Reporters Notebook
New York: Thousands March Against Police Brutality

Revolutionary Worker #1003, April 25, 1999

The struggle of the people against police brutality has grown so strong since the murder of Amadou Diallo that a major crisis has developed in New York City. Tens of thousands of people have been involved in protests. Officials openly worry about the possibility of a major rebellion. Over 1,200 protesters were arrested at police headquarters--including nearly every Black and Latino elected official in the city and many on the state level. There is intense infighting among different sections of the ruling class which has created new openings for the people.

On April 15 the largest demonstration yet took place, organized by local and state Democratic Party leaders calling themselves "New Yorkers for Law, Order, Peace and Justice." This coalition put forward a program to "reform" the police department. Their "10 Point Diallo Action Plan" calls for independent prosecutors and investigators for police brutality and corruption; training cops in "racial and cultural sensitivity," more minority and women cops; pay raises and benefit increases for cops; an end to the infamous 48-hour rule that gives cops time to get their lie together after killing or beating someone; an end to the use of hollow point bullets; and Justice Department monitoring of police misconduct around the country.

As the RW has written: "Say it plain: the problem is police murder and brutality, repression, and the criminalization of an entire generation of Black, Latino and other oppressed youth...this is about mad dog cops who are trained to murder with impunity in every city and state in this country and who are backed up by almost all their fellow cops whenever they do, backed up by the mayors and the courts, and not only that, backed up by Clinton himself! There have been thousands of police murders just since 1990, most of which have been covered up. These are not isolated incidents of `a few bad police officers,' and these are not `unfortunate accidents'--these are STOLEN LIVES, and there must be no more."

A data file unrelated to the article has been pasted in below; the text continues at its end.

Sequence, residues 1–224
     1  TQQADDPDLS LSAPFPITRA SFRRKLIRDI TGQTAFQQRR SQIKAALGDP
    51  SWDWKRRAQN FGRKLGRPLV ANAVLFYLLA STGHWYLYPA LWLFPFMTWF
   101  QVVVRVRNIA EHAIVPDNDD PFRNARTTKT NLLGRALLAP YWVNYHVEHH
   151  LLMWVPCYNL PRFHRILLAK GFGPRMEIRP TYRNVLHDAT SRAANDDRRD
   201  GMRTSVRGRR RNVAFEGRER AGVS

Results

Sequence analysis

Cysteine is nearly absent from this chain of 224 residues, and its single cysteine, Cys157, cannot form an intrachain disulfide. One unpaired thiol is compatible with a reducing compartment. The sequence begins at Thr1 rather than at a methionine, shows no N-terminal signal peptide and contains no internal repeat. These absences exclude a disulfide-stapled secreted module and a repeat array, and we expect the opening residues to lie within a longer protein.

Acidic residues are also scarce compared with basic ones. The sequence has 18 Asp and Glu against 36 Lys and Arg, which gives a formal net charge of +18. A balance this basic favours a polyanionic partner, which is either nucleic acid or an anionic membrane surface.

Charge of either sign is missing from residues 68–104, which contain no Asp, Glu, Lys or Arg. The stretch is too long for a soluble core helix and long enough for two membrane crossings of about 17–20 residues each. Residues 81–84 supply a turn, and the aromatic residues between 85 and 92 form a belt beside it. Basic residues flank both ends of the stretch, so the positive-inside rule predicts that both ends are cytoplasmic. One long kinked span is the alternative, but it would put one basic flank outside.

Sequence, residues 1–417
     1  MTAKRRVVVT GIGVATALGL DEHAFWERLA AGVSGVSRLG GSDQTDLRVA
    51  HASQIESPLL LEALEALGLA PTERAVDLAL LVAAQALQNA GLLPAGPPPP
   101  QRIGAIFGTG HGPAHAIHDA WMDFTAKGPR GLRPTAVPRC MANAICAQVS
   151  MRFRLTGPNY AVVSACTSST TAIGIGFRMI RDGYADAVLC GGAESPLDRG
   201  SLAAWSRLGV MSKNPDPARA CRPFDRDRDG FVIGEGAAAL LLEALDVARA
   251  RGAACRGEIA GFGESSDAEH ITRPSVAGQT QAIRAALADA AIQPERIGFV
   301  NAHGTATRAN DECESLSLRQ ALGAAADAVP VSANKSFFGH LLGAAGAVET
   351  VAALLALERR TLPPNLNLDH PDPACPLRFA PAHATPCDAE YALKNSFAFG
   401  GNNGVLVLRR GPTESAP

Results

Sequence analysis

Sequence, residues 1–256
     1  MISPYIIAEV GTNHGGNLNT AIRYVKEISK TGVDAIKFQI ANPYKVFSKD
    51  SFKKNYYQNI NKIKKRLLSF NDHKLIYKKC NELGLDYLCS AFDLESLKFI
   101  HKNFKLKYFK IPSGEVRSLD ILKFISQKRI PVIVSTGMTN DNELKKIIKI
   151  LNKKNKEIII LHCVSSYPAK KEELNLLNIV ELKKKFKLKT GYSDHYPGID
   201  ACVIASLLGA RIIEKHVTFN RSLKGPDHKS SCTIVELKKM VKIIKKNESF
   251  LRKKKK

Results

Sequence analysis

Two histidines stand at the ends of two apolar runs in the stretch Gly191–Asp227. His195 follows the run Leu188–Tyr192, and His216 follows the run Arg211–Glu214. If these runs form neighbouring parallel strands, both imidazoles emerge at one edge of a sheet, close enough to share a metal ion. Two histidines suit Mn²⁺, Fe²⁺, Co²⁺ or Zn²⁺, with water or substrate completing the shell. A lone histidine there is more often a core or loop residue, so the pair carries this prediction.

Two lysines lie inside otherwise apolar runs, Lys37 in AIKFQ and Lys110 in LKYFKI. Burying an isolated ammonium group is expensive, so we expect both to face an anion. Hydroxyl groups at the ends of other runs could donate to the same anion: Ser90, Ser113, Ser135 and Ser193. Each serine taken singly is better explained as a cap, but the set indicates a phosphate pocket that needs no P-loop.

Over 10,000 people marched from the Brooklyn courthouse, over the Brooklyn Bridge, to the federal building in Manhattan. The most striking thing about the April 15 demonstration was the many different kinds of people who took part. Actor Ossie Davis emceed. Speakers included entertainers Harry Belafonte and Dick Gregory and Hugh Price of the National Urban League. Black scholar and author Cornel West was there. Heading up the march were Saikou Diallo, Amadou Diallo's father, and many other parents whose children had been murdered by the police. There were thousands of union members and members of different religious groups from across the city. Many nationalities and all ages were represented. Community groups, taxi drivers, housing and animal rights activists, anarchists, Dominican and Haitian groups all took part. A lot of people at this demonstration were middle class or better-paid unionized workers. Some were activists, but others had never been to a protest before.

There were contingents from the National Congress for Puerto Rican Rights, the October 22nd Coalition To Stop Police Brutality, Repression and the Criminalization of a Generation, ACT-UP, National Action Center, Refuse & Resist!, Jews for Racial and Economic Justice, Brooklyn Green Party, National Action Network, South Asians Against Police Brutality, Audre Lord Project and the Black Radical Congress. A group from Hunter College Student Liberation Action Movement held up a stuffed pig and chanted: "Pigs, pigs, pigs can't fly. Shoot that swine right out of the sky!" The Irish Coalition Against Police Brutality carried signs comparing the NYPD to the cops in Ulster, Northern Ireland.